A test is the only formal proof that a system is working as it was intended. You should demand a test suite for your system in the contract. Your project will take 30%-40% more time, and most of the devs hate to do it, but it is the only thing that ensures long-term maintainability and extensibility.
Without tests, only the person who wrote it will be able to touch your system. Some agencies take advantage of this and use it as weird vendor lock-in, forcing the client to keep working with them, since they’re the only ones who know the code.
No sane dev touches even a moderately complex system without tests. It is like running on a minefield: a single step can have overwhelming unintended consequences, but while on a minefield, you know it instantly, with a system, an unintended bug can linger around for a long while before even getting noticed. Imagine if this system deals with money…
Go through this list while planning your project, it will save you a lot of time and disappointment.
The first thing you want to do is have a budget in mind. This outlines your possibilities and boundaries.
You want to get acquainted with regulations. Make sure your application doesn’t break any laws or regulations. Make sure it doesn’t violate the terms of service of your potential partners or third parties you wish to integrate with.
Then you must examine the potential market. Identify your customers (hint: everyone isn’t an answer). What are their needs, and how will you make their lives easier?
Look at your competition. What are they doing? Where are they failing or lacking? What will YOUR solution bring that others’ cannot?
After all this, you should have a pretty clear image on the direction you should be heading, so you can dive into all the technical stuff.
Though it may not seem a big thing at the beginning, it has a huge impact on development.
A little button here, an extra function there, and a messed up flowchart can lengthen the dev process by months, and that’s a pain for everyone.
First of all, walk through your concept with an experienced UX designer, who will do interviews with members of your target audience, do research on similar apps and craft a prototype. This does not only point out your audience’s pain points, but it makes development smoother by having a core concept to work with.
The other point here would be having a design, preferably with finished concepts for pages. Having a style guide to your app makes it much more coherent and smooth and your brand will seem much more dependable and trustworthy. This also makes it much easier for developers to build your app.
If you don't have a dedicated designer for this job, here is a list of some easy to use mockup tools.
The topic might be a bit misleading, because this part has very little to do with coding. Let’s leave that to all the devs out there.
But in order to have a streamlined development process, you need to keep some things in mind.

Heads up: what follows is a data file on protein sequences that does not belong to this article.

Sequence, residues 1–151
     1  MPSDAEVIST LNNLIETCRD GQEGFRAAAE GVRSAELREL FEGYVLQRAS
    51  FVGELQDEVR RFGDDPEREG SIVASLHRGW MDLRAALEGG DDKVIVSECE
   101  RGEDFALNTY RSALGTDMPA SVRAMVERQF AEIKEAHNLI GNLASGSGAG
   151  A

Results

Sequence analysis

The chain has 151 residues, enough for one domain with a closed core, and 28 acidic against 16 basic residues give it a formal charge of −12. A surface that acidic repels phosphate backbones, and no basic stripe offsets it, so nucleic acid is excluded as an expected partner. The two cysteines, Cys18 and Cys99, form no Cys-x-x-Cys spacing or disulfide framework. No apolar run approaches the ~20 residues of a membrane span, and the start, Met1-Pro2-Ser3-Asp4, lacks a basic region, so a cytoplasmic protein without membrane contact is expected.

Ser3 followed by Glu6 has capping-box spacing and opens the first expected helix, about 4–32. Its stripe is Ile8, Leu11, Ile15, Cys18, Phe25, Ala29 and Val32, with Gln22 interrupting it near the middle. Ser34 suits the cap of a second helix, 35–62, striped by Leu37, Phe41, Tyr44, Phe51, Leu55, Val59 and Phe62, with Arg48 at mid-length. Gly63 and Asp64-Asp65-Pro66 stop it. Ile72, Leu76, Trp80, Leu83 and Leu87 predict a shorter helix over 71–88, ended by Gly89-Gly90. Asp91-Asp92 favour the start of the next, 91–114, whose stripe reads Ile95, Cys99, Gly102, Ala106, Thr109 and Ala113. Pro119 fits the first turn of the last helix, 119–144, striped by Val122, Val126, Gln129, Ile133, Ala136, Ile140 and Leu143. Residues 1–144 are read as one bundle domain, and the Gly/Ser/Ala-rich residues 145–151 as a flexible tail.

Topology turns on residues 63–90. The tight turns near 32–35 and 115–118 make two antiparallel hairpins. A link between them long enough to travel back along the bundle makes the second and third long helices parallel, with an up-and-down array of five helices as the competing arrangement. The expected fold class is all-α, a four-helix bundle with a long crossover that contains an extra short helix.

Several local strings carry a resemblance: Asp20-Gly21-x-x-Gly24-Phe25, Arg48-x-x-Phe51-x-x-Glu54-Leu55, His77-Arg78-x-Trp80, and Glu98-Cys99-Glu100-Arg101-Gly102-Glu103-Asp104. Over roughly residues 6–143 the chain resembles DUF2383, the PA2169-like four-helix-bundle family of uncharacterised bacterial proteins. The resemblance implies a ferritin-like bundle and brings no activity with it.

Is it a new project, a modernisation of an existing one, or perhaps an expansion?
Determine your platform: Am I thinking web, mobile, data analysis, CRM, etc.? This can steer the technology requirements in a certain direction. Do some research on technologies, and look for the ones best suited to you needs. You should be looking at frontend, backend, databases, and compatibility.
If you’re not familiar with the technologies, we recommend involving developers who can help you select the appropriate technology for your application.
After you’ve made decisions on all this, you’ll need a good specification.
Having all the features written down makes planning easier and delivery more reliable.
First, break your project down to big milestones, then into epics and finally stories.
Milestones should be big delivery dates, where certain parts and functions are in place; epics are the bigger features and stories are small increments of work usually determined by the scrum master/project lead/developer.
If you want to learn more about user stories and see some templates, check out our comprehensive guide here.
A few other things that should be taken into account are scaling (the amount of data it should handle), encryption, testing (who does it and how) and maintenance (warranty and monitoring).
👉 Further reading: Backlog vs. Specification
By now, you should see what the app will look like and what functionality it will have. In this part, you’ll want to consider if the application will be working together with other systems.
Think email/notification/SMS messaging, payment, social media, localization (translations), maps and/or location services (GPS), communication and/or integration with legacy systems, other ERP or CRM systems, operating systems and the list goes on.
These might need some research or even inside contact to help with the integration (think huge systems like SAP).
Turning your idea into a shipped product can be a rocky road, but you can smooth it out by being mindful about the trade-offs you are willing to make, or have to make.
Ideally, try to divide the design and the implementation part sharply.
Make sure you run end-user tests with your UI designs, where the users are trying to accomplish something. If you skip this part, you are setting yourself up for failure.
Your project should be researched thoroughly by the software development agency. You have to have a detailed knowledge of the big picture before starting the development.
And here is one more thing: never skip the tests!
Photo by Dogancan Ozturan, Unsplash